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jefito

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Everything posted by jefito

  1. Yes, you can say that, and I believe that your opinion is welcomed by Evernote staff. Me, I don't really care to organize my notes in hierarchical folders, as tags are plenty for me. I understand that others want that, but I've seen no interest in providing that in anything I've read by Evernote staff, so it's a moot point for me.
  2. Color me impressed. In a quick (and incomplete) test, everything seemed in order. Saved searches were a little slow to finish, and PDFs were slow to display. But I liked the zoom feature, and everything else I tried seemed to be in order.
  3. Hi baumgarr, I was tempted to try running it on Windows, but them I stopped. Has it been tried running in parallel with Evernote? I suppose that you use separate databases, so it's probably safe, except for the possibility of getting note conflicts. thanks for your work -- very noble.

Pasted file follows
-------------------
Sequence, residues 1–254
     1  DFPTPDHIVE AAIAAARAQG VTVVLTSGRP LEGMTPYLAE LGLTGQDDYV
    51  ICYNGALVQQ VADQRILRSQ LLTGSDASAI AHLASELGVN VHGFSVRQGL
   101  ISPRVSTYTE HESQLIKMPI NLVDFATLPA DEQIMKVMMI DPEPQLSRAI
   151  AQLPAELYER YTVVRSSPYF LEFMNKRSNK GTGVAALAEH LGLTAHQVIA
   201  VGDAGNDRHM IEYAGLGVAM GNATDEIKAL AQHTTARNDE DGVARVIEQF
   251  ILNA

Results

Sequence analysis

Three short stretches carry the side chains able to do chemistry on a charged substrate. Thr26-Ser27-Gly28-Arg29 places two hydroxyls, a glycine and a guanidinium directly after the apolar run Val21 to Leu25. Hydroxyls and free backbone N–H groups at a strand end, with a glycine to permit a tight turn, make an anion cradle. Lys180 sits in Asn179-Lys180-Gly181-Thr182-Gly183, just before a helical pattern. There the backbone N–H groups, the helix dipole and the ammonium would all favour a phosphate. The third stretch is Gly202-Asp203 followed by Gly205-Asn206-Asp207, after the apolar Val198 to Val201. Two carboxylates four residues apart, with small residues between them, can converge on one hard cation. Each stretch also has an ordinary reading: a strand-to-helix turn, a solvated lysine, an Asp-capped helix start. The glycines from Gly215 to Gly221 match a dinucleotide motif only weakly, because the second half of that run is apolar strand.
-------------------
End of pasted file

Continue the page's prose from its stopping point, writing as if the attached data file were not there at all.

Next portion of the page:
4. For the Linux users who may not know about this, there's an open source Linux Evernote client now available -- NeverNote -- that was just written up in a Lifehacker post: http://lifehacker.com/#!5762376/nevernote-is-an-open-source-evernote-client-designed-for-linux-no-wine-required. According to the story, it's a Java app, and therefore can also work for Windows and Mac OS users as well (I haven't verified that). NeverNote home page: http://nevernote.sourceforge.net/index.htm SourceForge page: http://sourceforge.net/projects/nevernote/ Congratulations to forum member baumgarr, the NeverNote developer (and anyone else involved)!
  5. I believe that that's a known behavior, related to how how Chrome manages its extensions. I couldn't find a backing post for this by Evernote staff in a quick search, though I believe that there's at least one. ~Jeff
  6. I'll have to wait until I get home and install IE9RC on my Win7 machine there and try things out; we've not switched over to Win7 here at work (but soon, though). ~Jeff